On Durga’s Migrant Trails

durga puja

Note: This personal essay appears in the December issue of The Four Quarters Magazine, which I had the honour of guest editing. 

A group of children–between six to eight years in age–sat on a dusty rug on the ground with drawing sheets on boards before them. After drawing out scenes depicting one of the three theme choices provided to them, they furiously pushed crayons over the penciled sketches. My brother was one of the contestants of this on-the-spot- painting competition, interestingly called “boshey anko protijogita” in Bengali, literally meaning sit-and-draw contest. He drew a Christmas scene, having chosen the theme, “Your favourite festival.” A couple of hours later, when the results were out, he had real reason to celebrate– he had won the first prize.

There was nothing unusual about this except his choice of festival; the contest was part of a Durga puja celebration. Given that most of the festival entries depicted the ten-armed goddess and her rejoicing devotees and a few portrayed Diwali, which would approach in less than a month, the judges must have been either too brave or too liberal to adjudge a Christmas image as the best entry.

Was this because the venue of the puja and therefore the contest was outside mainland Bengal, in Delhi? I can’t really tell, for I was born and raised in what bonafide Bengalis call probaash–a sentiment-laced word for foreign land.

Photo source: Hinduism.about.com

Immigrant’s Postcard: Bhasha, Basha, Bari

A series on my experiences as a new immigrant in Canada.

The title of this post is in Bengali:

Bhasha = Language, Basha = Temporary residence, Bari = Home (usually long-term, ancestral).

We had been in Canada for just a few weeks when B, my husband, nearly complained of having to speak too much Punjabi. Having lived in the US for a number of years, his mother tongue had become a distant cousin for him–there in memory, but not in presence. I, on the other hand, would have given anything to find a soul with whom to converse in Bangla, my mother tongue. In our Mississauga neighbourhood, that possibility seemed to elude me, what with the profusion of Punjabis–from both sides of the border (India and Pakistan).

The opportunity came my way in the strangest of ways.

On Canada Day, one of B’s friends offered to take us on a strawberry-picking jaunt. His mother and wife–a second-generation Canadian Punjabi were part of the group. Their invitation extended to a brunch of stuffed paranthas at their house, once we had filled our strawberry baskets. R, the wife of B’s friend got busy in the kitchen with making the paranthas with the help of her mother-in-law. Once they had all been rolled out, aunty came and sat with us in the living room.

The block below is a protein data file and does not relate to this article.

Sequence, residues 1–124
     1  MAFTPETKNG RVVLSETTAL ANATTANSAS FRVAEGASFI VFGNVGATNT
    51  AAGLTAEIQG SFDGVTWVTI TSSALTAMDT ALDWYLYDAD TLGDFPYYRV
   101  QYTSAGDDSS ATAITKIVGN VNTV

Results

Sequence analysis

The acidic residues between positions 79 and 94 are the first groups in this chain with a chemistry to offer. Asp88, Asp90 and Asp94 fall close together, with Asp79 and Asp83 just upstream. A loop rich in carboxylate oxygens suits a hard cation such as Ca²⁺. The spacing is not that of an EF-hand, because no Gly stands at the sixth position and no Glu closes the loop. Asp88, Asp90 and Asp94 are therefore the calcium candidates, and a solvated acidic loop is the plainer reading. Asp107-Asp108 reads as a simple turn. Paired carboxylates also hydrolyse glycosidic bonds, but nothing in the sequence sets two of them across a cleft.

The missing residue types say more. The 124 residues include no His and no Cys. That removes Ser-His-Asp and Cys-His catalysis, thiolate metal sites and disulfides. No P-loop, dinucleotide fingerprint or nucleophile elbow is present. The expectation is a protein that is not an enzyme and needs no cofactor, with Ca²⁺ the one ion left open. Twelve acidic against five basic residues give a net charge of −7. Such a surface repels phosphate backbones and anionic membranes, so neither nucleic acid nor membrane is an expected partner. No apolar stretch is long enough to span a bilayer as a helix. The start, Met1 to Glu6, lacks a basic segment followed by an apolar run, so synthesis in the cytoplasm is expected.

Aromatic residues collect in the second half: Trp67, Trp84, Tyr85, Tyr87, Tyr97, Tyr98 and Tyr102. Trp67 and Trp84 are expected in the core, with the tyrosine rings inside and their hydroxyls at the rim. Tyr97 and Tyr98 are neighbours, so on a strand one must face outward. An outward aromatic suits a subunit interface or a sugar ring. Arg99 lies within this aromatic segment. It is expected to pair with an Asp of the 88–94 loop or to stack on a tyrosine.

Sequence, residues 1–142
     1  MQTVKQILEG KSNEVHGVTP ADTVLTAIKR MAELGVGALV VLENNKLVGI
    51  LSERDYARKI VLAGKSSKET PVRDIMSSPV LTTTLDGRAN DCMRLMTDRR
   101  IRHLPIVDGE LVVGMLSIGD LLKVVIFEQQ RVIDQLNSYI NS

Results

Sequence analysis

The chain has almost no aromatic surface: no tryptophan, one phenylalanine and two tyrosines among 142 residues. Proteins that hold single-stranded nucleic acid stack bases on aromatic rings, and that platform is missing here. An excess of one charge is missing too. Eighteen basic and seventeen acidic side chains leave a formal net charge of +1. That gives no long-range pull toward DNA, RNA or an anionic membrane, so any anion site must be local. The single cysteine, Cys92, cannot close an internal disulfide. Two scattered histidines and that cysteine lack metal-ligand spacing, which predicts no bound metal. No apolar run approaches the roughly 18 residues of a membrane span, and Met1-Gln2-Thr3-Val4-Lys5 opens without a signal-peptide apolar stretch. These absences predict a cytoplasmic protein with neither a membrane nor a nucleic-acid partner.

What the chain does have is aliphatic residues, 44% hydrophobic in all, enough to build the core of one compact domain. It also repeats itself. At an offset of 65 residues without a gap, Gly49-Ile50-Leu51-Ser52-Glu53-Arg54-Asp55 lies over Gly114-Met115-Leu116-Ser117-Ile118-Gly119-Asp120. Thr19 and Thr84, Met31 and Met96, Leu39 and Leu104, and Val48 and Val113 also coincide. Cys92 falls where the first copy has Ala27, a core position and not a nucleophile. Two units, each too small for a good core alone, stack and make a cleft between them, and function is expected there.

Earlier that morning, PK, B’s friend had mentioned that his mother knew Bengali. As we all chatted away–mainly in English, with splashes of Hindi, PK poked me and his mother alike. “How come you two are not speaking in Bengali? Come on, how can you keep yourself from doing it already?” Aunty smiled and her wink reflected permission for me. I immediately started off; in an instant, “aunty” became “mashima” for me. I learned that though a Punjabi herself, she had picked up Bengali from neighbours in Jamshedpur, where she grew up and later spent her married life. Till date, her Bengali remains spotless and free of any accentual adulteration.I was thoroughly impressed. And delighted to find my first mother language friend in the city.

Some more weeks passed. B found work, and his long commute presented a fresh set of priorities before us–buying a car and finding a house closer to the station from where he caught a train to work. While B continued to speak more Punjabi, my Bengali remained buried somewhere under the mental debris of car models to choose from, jobs to apply for, and potential rental ads to shortlist. While talking on phone with the poster of one ad, I caught a clear Benglish accent. All formality flew off, and I blurted, “Aapni Bangali? You are a Bengali, aren’t you?” And so we went to see his house. Obviously.

As K, the Bengali young man looking to rent his apartment led us in, we met his wife, infant daughter and the spartan interiors. After two years of his stay in Canada, K’s professional project had come to an end, and it was time to return to India.

“Are you from Calcutta?” I asked his chirpy wife.

“Totally from Calcutta,” she beamed.

“Ah, so you must be happy to pack up.”

“Oh yes, you can imagine what it is to go home just before Durga Puja.” She could barely hold her smile now.

That’s when it struck me. The word home. In India, I spent all my unmarried life in Delhi, the city of my birth. And yet, during a post-marriage trip to Kerala , when a man asked me where I was from, I said, “Bengal.” Where in Bengal was the next question, and I just said, “Delhi.” I remember the perplexed look on his face.

So what is home I wonder. Is it a place? Or is it more likely a language? One from which B has strayed a bit. And one which I pine so badly to belong to.

MORE OF IMMIGRANT’S POSTCARD: